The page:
The three gazed at the screen, where Karsok was looking back and forth, as if deciding which way to go.
Abruptly, the Jetsam looked up.
His face crinkled into a sharp-toothed grin; triumphant, he reached up a fin and the screen vibrated wildly, then blinked out into darkness.
"He's spotted the cand-meras!" cried the Kiko, turning an even paler shade of yellow. "Now we won't be able to track him!"
Mirial glanced to the factory owner with fear in her wide eyes. "Excuse me," she said timidly, "but who exactly is Karsok...?"
Date: Jan 31st
...The Kiko gave a start at this, and gestured frantically at the screens once more. “‘Who is Karsok’?! THAT is Karsok, evidently! Why, I’ve never heard such a foolish question! A better one would be ‘What is Karsok?’ or perhaps even ‘WHY is Karsok?’, as in ‘Why is Karsok traipsing about my factory making a general nuisance of himself?’ Oh, me,” he groaned, “why must troubles always come in threes?”
Kiva glanced back up to the rock-candy screens in time to see the hulking Jetsam come into view once more, and he recognized the hallway behind him as one the small group had been racing through minutes earlier. Without warning, a flat-tipped tail lashed upward, and the screen went blank; another cand-mera had obviously been destroyed. The Gelert decided that it was in their best interest to play along. “Fine, fine. Why are you so frightened of this Karsok, then? Besides the fact that, you know, he’s big and has a lot of sharp teeth,” he added hurriedly.
Frowning, the chocolatier seemed lost in thought - perhaps reliving some unpleasant memories - before turning from the screens and shoved open the door they had ducked through. “All right, I’ll tell you -- but let’s run while we can, shall we? Karsok won’t have an easy time finding us in these corridors, but he can be... very persistent.”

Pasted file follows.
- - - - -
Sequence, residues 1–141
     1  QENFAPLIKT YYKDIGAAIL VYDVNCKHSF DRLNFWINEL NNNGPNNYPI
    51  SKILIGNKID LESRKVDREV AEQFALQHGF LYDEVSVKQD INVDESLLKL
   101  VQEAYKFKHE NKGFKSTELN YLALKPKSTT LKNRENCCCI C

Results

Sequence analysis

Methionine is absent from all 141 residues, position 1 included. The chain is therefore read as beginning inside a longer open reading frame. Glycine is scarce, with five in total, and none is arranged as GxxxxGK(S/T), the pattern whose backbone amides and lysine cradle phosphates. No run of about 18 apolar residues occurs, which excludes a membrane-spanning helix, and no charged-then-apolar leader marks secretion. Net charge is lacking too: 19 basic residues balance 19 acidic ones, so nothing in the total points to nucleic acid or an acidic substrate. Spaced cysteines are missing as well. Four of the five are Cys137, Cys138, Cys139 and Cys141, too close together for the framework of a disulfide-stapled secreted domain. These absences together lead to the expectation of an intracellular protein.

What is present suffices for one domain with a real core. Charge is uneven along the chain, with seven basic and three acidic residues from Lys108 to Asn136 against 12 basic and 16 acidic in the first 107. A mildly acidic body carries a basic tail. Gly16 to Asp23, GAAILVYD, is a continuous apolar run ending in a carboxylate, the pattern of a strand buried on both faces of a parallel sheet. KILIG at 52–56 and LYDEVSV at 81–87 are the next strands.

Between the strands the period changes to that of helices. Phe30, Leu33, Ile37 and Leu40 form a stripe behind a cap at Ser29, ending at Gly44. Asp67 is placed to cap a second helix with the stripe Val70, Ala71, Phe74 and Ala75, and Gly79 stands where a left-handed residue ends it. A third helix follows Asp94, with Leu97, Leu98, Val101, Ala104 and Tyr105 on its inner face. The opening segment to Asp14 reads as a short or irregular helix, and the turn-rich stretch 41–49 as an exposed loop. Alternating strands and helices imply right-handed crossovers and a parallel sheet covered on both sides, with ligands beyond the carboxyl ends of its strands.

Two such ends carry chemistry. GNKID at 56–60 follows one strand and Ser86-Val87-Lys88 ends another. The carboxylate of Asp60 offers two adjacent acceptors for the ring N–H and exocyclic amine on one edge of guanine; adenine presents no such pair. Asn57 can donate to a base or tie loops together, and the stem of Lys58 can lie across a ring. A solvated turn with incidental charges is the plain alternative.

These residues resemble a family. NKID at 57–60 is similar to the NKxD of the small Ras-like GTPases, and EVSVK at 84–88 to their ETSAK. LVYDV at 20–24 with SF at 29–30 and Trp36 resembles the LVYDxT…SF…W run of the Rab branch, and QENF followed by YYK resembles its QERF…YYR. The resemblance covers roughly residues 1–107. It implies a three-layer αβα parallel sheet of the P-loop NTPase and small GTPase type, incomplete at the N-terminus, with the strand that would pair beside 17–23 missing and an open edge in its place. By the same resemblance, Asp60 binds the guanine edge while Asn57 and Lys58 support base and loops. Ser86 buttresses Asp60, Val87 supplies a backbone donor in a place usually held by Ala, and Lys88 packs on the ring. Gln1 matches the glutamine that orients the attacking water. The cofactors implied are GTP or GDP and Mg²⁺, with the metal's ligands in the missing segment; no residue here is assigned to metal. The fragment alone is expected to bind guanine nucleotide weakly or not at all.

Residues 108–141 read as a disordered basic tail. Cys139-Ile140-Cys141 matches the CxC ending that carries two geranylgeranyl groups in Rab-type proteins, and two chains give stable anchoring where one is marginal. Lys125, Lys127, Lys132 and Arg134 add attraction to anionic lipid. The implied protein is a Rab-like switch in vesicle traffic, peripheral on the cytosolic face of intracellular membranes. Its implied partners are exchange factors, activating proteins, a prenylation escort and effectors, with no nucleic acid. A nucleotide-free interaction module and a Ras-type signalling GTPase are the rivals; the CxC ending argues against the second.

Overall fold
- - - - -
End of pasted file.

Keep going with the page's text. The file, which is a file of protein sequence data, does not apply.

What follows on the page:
As they started off down another twisting hallway at a much less frenzied clip than they had been traveling at previously, Mirial and Kiva listened with curiosity and alarm as the Kiko related his tale. “We used to be colleagues, Karsok and I. Many years ago, it was our greatest ambition to open a chocolate shop. Nothing quite so grand as this one, of course; just a small establishment where we could satisfy Neopia’s sweet tooth and support ourselves by doing what we loved. Of course, the candy business is not exactly an easy one for two amateurs to break into, so we both devoted ourselves to coming up with ideas for new and unique products, ones that would dazzle our customers and set us apart from our competition.
“Of course, as you can no doubt tell, this partnership was not destined to last. We had a bit of a...” The Kiko paused, his face contorting with distaste as his mind turned to an incident he did not care to remember. “... A falling-out, as it were.”